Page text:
• Deadline Friday 5 October, winner will be announced w/c Monday 8 October

To enter, see this page for instructions and Ts & Cs.

Can’t wait? All Love to Ride members can get £150 off the price of any Babboe cargo bike, email hello@lovetoride.org from your registered address with BABBOE in the subject line for a unique code.

 

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We have beautifully branded Cycle September Babboe cargo bikes in Sheffield, Brighton and Leeds. The Babboe Curve in Sheffield recently scored a first, transporting a beer barrel up the steepest urban street in England as between-race entertainment at the Blake Street Bash!

If you want to win one of these beauties, make sure you’re registered for Cycle September & get your creative thinking cap on!

 

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K977: how Leanne Owen uses cycling to raise awareness & find a cure for Parkinson’s

Parkinson’s Disease (PD) is a degenerative condition affecting the nervous system. Symptoms start when the brain can’t make enough dopamine to control movement properly and there are three main kinds: tremor (shaking), slowness of movement and rigidity (muscle stiffness). However, there are many other symptoms and PD manifests differently in each of the 7-10 million people living with it worldwide.

There has been medical research into the strange relationship between cycling and PD symptoms for some time. The amazing video below shows how a PD patient with advanced frozen gait can cycle perfectly, suggesting that the physical and neurological processes that allow us to balance whilst riding a bike are separate to those that help us to walk independently.

There’s lots of information online about medical research into the effects of cycling on PD symptoms – simply search ‘Parkinson’s cycling research’ for a reading list to get you started. Leanne’s amazing story, though, is a compelling account of one individual’s experience of living with PD and using cycling as a way to control symptoms and raise awareness at the same time as raising funds for research to find a cure.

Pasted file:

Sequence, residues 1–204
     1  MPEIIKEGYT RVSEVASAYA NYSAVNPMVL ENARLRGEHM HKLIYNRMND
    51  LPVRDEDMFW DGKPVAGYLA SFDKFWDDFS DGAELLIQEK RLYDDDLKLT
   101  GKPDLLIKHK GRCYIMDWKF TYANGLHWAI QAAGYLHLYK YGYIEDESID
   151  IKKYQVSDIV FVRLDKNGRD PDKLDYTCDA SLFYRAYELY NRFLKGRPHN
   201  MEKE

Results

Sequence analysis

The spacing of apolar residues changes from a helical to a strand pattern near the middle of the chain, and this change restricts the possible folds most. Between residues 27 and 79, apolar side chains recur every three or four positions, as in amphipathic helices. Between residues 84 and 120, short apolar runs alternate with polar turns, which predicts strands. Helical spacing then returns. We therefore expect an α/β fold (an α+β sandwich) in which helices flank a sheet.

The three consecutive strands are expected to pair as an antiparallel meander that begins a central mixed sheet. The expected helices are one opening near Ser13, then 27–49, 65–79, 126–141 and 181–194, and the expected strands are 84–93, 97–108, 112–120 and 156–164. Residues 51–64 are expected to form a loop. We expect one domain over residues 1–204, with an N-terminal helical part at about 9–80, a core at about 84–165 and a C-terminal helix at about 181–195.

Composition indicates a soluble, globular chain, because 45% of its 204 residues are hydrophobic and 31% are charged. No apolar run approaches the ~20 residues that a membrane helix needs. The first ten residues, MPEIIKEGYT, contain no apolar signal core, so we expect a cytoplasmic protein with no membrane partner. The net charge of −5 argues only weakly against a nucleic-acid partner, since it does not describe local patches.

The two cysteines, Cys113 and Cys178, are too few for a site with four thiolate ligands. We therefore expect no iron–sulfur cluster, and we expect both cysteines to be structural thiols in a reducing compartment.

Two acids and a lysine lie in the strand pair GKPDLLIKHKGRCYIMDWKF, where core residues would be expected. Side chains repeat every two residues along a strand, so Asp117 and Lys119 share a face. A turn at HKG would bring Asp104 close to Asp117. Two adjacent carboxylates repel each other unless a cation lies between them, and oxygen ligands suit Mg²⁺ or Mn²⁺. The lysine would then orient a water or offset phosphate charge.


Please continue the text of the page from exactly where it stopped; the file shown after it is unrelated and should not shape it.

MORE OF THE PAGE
Leanne was a watch manager in the West Yorkshire Fire & Rescue Service, making life-saving decisions at fires, road accidents and other emergencies until she was forced to retire due to PD symptoms in 2011 at the age of 42.

Leanne became heavily involved in Parkinson’s UK, raising funds through sponsored walks, events, a sky dive – and bike rides. Leanne rode London to Paris, the Humber 108 and her very own 477-mile tour of all the Parkinson’s Support Groups in Yorkshire and Humberside.

With her symptoms advancing, Leanne decided she had one last epic ride in her. Not one to make life easy for herself, she planned a 977-mile circuit round the UK visiting all of the regional Parkinson’s UK support groups. The aim is to raise £20,000 and wider awareness through social media and press coverage.

Over seven months of training Leanne got into the best shape of her life and felt the symptoms slowing as she clocked up thousands of miles. But there was the cruellest of twists in the tale.

Following a successful training trip to Mallorca, Leanne was riding near Doncaster when she spotted a pothole as she cornered in a tight country lane. The dappled shade meant that she didn’t see the gravel next to it, lost traction and fell hard, sustaining a serious head injury despite her helmet.

As Leanne says, there is no way of articulating what she felt when she understood the seriousness of her injuries: ‘There is no point in trying to communicate my disappointment, there are no words.’

But they’re made of strong stuff in Yorkshire. Leanne continues: ‘It’s been a tough few weeks but my time in the West Yorkshire Fire Service taught me to always have a plan B.’ The rest of the K977 Team will still complete the challenge between 28 June and 8 July and Leanne will ride in the support car. ‘Between us we still raise awareness and together we will reach our total of £20,000.’

Not only is Leanne adamant that her K977 Challenge will go ahead, she’s also targeting a return to the saddle. If her recovery goes well, she wants to ride Pedal for Parkinson’s unique two-day sportive in September, the BOXCAM200.